Yoga Thoughts on the Power of Recognizing Our Inner Nay-Sayer
Not too long ago, my husband, Jim, stumbled upon one of the toughest lessons that yoga teaches us. The curious thing is that he did it not on a yoga mat but in his running shoes. However, since I’m always looking for yoga in life off the mat, I thought I’d share his story from a yoga perspective!
Jim came home from one of his runs feeling particularly victorious. As he hadn’t gone any further than usual and he’d run the same terrain as usual, I asked him what was different that was making him feel so great. He replied, “I beat the little voice.” My confusion must have been evident on my face, because he went on to explain himself.
He said that many times when he’s chugging up the second hill of his run (which apparently is a whopper), a little voice starts niggling in his mind. It says things like, “This is crazy. You don’t have to do this. There’s no reason you couldn’t quit and go home to breakfast right now.” Or, “You’re not a runner. You’re an attorney. What are you thinking doing something like this? Give it up.” It’s not a nasty voice. It’s actually quite collegial. When it really gets going, it can even sound like it’s on his side in the difficult matter of whether or not to run up the dreaded hill.
But it’s not on his side. It’s not collegial. It’s actually quite insidious and damaging. Jim is right to feel victorious in “beating” it on his run. But his victory is even greater than that.
As Jim has found on his runs, “beating” the little voice is not a one-time deal. The little voice speaks up over and over again. Jim’s greater victory is in having identified the “little voice” as what it is. It’s not him. It’s not his pal. The knowledge that he is separate from this voice strips the little voice of much of the power or influence it has over Jim. Now when the little voice speaks up, Jim is better able to recognize it for what it is. He can label it “the little voice,” and ignore it, running on up the next hill – or doing anything else in life that he’s set his mind to doing.
Since he’s recognized the voice, Jim has realized that it speaks up a lot more often than he would have thought. He’s heard it at work. He’s heard it in his aikido classes. He’s even heard it just before we tackled a larger than usual home-improvement project. Jim’s not unique here. We all have “little voices.” It’s part of being human. They crop up at different times. We hear them in all areas of our life.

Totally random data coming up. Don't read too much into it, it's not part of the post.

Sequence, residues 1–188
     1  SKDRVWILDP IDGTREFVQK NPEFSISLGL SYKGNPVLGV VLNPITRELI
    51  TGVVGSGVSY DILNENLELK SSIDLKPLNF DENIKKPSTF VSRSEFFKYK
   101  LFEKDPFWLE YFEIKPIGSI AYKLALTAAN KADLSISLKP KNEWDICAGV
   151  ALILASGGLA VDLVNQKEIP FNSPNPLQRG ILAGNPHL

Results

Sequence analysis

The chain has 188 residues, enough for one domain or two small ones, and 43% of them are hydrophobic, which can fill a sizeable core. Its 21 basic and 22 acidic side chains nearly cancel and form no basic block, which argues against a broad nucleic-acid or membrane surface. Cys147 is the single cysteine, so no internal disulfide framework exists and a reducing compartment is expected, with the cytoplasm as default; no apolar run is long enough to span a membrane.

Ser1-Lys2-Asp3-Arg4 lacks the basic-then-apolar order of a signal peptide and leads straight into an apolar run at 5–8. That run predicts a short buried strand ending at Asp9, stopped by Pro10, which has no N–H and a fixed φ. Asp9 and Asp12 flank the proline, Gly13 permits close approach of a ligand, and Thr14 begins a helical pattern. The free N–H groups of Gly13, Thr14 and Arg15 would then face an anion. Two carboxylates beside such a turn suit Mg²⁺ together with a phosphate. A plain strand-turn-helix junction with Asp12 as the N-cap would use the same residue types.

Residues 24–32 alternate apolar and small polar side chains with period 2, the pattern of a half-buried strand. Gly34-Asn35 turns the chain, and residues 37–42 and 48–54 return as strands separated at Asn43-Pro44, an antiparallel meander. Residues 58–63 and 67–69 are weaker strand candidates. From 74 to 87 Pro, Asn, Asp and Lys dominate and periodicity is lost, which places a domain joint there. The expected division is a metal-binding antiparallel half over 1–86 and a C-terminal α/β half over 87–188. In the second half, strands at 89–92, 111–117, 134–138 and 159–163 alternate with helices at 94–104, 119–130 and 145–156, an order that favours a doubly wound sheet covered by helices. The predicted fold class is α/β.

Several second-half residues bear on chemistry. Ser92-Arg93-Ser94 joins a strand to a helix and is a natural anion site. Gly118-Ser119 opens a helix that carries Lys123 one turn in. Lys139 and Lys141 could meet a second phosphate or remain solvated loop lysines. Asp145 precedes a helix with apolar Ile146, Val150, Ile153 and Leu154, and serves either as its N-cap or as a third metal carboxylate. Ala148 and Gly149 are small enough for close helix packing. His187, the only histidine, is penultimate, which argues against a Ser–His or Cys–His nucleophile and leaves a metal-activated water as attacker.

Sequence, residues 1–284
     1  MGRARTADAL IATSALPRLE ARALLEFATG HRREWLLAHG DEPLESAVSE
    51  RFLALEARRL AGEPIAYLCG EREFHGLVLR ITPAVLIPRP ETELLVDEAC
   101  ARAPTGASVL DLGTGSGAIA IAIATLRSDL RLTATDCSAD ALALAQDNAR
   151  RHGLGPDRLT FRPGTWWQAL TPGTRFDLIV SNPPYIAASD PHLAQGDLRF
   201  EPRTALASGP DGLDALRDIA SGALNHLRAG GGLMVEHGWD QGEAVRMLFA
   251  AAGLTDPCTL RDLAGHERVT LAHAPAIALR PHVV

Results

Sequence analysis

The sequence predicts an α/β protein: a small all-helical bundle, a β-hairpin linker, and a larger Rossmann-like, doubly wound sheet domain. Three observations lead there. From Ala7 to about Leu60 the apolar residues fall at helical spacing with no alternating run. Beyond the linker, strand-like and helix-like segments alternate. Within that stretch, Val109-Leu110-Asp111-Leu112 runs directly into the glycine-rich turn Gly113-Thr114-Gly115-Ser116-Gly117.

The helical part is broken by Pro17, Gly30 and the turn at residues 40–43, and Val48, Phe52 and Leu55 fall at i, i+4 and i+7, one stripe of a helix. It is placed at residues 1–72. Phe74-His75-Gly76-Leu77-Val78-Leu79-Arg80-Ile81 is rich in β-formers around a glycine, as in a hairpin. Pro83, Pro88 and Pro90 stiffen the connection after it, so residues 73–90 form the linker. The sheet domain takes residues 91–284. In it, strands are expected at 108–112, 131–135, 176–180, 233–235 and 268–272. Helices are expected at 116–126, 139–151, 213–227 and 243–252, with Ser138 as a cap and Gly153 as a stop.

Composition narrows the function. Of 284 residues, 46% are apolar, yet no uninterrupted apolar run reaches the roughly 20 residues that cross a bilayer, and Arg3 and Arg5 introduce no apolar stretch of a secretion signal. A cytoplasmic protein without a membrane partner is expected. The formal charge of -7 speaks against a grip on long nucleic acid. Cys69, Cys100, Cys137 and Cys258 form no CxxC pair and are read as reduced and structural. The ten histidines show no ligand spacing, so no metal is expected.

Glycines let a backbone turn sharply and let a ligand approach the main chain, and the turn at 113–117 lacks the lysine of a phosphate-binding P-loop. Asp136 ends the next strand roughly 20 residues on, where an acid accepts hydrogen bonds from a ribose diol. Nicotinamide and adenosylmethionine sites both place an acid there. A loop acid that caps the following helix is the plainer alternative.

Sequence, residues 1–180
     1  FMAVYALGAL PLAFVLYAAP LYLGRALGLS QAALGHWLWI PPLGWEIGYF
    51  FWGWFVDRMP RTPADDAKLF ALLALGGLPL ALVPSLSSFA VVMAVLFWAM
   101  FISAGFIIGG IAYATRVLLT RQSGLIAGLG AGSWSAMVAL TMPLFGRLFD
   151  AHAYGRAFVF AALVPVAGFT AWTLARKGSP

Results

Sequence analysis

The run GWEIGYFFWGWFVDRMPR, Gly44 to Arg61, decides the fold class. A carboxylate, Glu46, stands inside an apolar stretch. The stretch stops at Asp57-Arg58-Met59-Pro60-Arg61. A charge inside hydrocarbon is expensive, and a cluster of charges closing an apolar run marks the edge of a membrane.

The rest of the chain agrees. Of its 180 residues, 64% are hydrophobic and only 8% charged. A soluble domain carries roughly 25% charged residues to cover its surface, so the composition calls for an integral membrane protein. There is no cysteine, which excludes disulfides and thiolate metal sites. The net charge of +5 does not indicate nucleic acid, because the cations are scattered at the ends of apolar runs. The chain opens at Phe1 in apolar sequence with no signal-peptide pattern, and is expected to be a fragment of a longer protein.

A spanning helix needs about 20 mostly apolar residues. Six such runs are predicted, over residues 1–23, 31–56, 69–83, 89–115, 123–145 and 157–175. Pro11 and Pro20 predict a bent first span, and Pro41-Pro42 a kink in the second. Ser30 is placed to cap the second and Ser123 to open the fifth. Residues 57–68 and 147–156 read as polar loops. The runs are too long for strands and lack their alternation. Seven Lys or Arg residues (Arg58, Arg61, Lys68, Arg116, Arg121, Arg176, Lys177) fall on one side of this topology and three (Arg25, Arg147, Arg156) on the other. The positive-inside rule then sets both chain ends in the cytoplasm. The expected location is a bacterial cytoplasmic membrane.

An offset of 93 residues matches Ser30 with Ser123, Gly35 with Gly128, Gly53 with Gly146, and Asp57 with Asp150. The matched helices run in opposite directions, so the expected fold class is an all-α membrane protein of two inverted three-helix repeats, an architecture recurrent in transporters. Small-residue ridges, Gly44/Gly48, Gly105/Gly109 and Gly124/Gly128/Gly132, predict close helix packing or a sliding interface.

What are these little voices? I’m not sure it matters. They could be the voice of doubt. They could be the voice of low self-esteem. They could be the voice of fear – fear of success, fear of doing new things, fear of change. (It could be that we’re all just a little crazy.) One thing seems to be consistent. Our little voices tend to be at their loudest and most insistent when we’re challenging ourselves. If we were to fall prey to these little voices, we’d never grow. We’d never learn new things. We’d never be able to live into our potential.
Our yoga mats are great places to learn to identify these little voices. On my yoga mat, when I was learning sirsasna (headstand), my little voice was quite insistent that there was no need for me to move away from the wall – EVER! While I “beat” my little voice in this case and went ahead to learn to practice headstand on my mat away from the wall (and lived to tell the tale, mind you), the voice is not gone. Far from it.
When I’m in a yoga class and my teacher is leading us through a challenging series, my little voice is quite fond of giving me “permission” to take it easy or even to skip some of the postures. My little voice on my mat is never louder than when I’m approaching postures that require me to balance on my hands. (If you could hear it then — aargh!) (For examples of hand balances, click here and here.) I still haven’t vanquished it there, but I know I will one day. I know it because I really want to learn some of those postures.
I know it because I, too, am realizing that the little voice is not ME. Despite the fact that the little voice feels like it’s part of me (it’s in my head, after all!), I’m separate from it. What IS me is my desire to learn and stretch and grow. Therefore, when I remember that the little voice is not me and I’m not it, I can choose to ignore it whenever I want!
As Jim has found, once we learn to recognize our little voices when we hear them, they lose a great deal of their power over us. Hearing, recognizing and ignoring our little voices over and over again while we practice on our yoga mats makes us better able to recognize them when they speak up off our mats in life – when the stakes are often significantly higher than whether or not we can stand on our hands. Being able to recognize our little voices frees us to grow, learn and change. Freedom from our little voices enables us to stretch into our full potential. (Not to mention, we get that sweet taste of victory when we do overcome our little voices and achieve something we didn’t know we could do!)
Good luck! You can do it!
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